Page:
Plastic Riflemen

The 1/72 (20mm) plastic Peninsular War British set from HäT includes a bunch of spare heads, some wearing the Waterloo-era Belgic shako, and others (more useful from my point of view) wearing the tapered Light Infantry shako with the bugle badge of the 95th Rifles.

That makes the set much more useful, since with a simple head-swap, a bayonetectomy and a green paint-job instead of red, I can field some skirmishers to screen my nicely ranked line companies. It also increases the wargame-worthy poses in the set quite substantially, though there are still a reasonable number that I wouldn't use, myself.

There are some detail differences between the uniforms of the Line regiments and the Rifles apart from the different shakos; the Rifles should be wearing pantaloons and spats rather than the cuffed trousers these figures have on. Their jacket cuffs should be pointed, and the jacket buttons are differently arranged. Fortunately, I am not anal enough for any of that to matter to me, so all I need to do is paint them to suit.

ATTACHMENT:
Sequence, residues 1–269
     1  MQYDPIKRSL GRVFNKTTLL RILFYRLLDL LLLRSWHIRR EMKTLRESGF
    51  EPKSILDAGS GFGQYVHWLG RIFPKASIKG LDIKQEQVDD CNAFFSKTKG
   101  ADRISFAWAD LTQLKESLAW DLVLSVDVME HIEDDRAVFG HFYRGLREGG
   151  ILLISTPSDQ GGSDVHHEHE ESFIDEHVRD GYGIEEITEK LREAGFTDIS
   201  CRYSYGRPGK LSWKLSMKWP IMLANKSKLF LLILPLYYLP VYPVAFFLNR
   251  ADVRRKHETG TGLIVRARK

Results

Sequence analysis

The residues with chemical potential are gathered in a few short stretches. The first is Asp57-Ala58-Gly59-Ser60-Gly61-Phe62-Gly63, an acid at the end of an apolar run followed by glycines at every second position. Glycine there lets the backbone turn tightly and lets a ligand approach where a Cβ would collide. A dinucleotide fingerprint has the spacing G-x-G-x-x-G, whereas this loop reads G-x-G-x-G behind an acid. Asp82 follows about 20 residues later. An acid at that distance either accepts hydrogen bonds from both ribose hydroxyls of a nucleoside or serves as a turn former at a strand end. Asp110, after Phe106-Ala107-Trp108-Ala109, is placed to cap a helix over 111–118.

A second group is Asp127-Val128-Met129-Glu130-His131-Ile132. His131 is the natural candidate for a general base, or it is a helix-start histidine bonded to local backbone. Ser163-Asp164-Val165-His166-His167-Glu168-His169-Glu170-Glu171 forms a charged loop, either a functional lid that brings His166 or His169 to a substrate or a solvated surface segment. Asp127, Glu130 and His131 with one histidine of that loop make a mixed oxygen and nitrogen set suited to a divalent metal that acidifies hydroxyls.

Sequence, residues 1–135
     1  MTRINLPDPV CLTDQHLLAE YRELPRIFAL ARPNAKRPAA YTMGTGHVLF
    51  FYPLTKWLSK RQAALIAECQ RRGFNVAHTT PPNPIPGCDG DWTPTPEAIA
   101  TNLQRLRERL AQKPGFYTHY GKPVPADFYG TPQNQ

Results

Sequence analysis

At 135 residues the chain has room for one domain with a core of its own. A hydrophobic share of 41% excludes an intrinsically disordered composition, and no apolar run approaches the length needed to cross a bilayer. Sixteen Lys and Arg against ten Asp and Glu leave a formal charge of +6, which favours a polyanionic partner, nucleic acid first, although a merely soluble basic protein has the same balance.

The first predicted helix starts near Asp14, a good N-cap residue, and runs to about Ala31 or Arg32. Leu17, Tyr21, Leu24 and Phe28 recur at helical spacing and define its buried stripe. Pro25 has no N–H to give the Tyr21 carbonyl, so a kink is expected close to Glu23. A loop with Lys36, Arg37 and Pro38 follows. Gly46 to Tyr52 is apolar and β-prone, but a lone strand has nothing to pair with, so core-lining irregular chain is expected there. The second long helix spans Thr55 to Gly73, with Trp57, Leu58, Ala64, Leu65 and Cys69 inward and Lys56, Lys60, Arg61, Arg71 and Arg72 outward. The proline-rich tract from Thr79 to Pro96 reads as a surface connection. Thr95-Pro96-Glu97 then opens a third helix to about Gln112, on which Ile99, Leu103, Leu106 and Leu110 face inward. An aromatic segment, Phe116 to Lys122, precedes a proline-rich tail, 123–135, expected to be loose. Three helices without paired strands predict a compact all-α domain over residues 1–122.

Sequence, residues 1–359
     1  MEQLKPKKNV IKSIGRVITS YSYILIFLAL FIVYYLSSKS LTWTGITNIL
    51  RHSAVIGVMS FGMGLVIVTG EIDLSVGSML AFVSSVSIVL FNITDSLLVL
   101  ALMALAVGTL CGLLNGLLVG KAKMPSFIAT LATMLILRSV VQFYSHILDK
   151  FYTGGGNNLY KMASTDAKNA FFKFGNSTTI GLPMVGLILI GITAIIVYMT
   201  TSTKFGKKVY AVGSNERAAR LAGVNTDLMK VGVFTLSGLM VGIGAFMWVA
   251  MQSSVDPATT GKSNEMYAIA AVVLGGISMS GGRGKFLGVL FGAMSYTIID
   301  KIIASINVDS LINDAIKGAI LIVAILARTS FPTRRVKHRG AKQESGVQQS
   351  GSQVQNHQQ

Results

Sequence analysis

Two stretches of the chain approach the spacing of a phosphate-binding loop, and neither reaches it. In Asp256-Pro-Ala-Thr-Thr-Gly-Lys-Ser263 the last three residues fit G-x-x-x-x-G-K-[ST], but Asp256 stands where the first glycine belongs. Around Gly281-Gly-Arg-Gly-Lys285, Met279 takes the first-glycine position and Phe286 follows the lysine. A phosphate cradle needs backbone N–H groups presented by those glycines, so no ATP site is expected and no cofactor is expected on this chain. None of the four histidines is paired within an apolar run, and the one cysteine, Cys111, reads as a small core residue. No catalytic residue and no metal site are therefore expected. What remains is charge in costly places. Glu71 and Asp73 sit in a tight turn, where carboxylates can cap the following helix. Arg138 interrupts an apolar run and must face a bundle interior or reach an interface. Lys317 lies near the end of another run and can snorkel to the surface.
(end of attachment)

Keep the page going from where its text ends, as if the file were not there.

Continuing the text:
I flailed around for quite a while trying to find an appropriate dark green for the Rifle uniform; Most of my Vallejo paints are rather too camouflagey in tone, quite unlike the dark bottle-green the Rifles wore. I eventually settled on this one: Vallejo Game Color 72.147 (Heavy Blackgreen). It's not perfect, but it looks OK to my eye, and very much better than any of the camo greens I'd tried.

More terrain


I've been fiddling around with some more wargaming terrain pieces, in this case, a low grassy hill with an impassable rocky section on one side.

The body of the hill is made from laminated MDF, carved to shape with a belt sander. The rocks are my old favourite, pine bark chips. The pine trees are bits of tapered chenille snipped to size and painted. The grass is various grades of railway modellers' flock.

For my next hills, I want to try using a sand mould to cast them in expanding polyurethane foam. It should be fairly straightforward... but things seldom are, alas.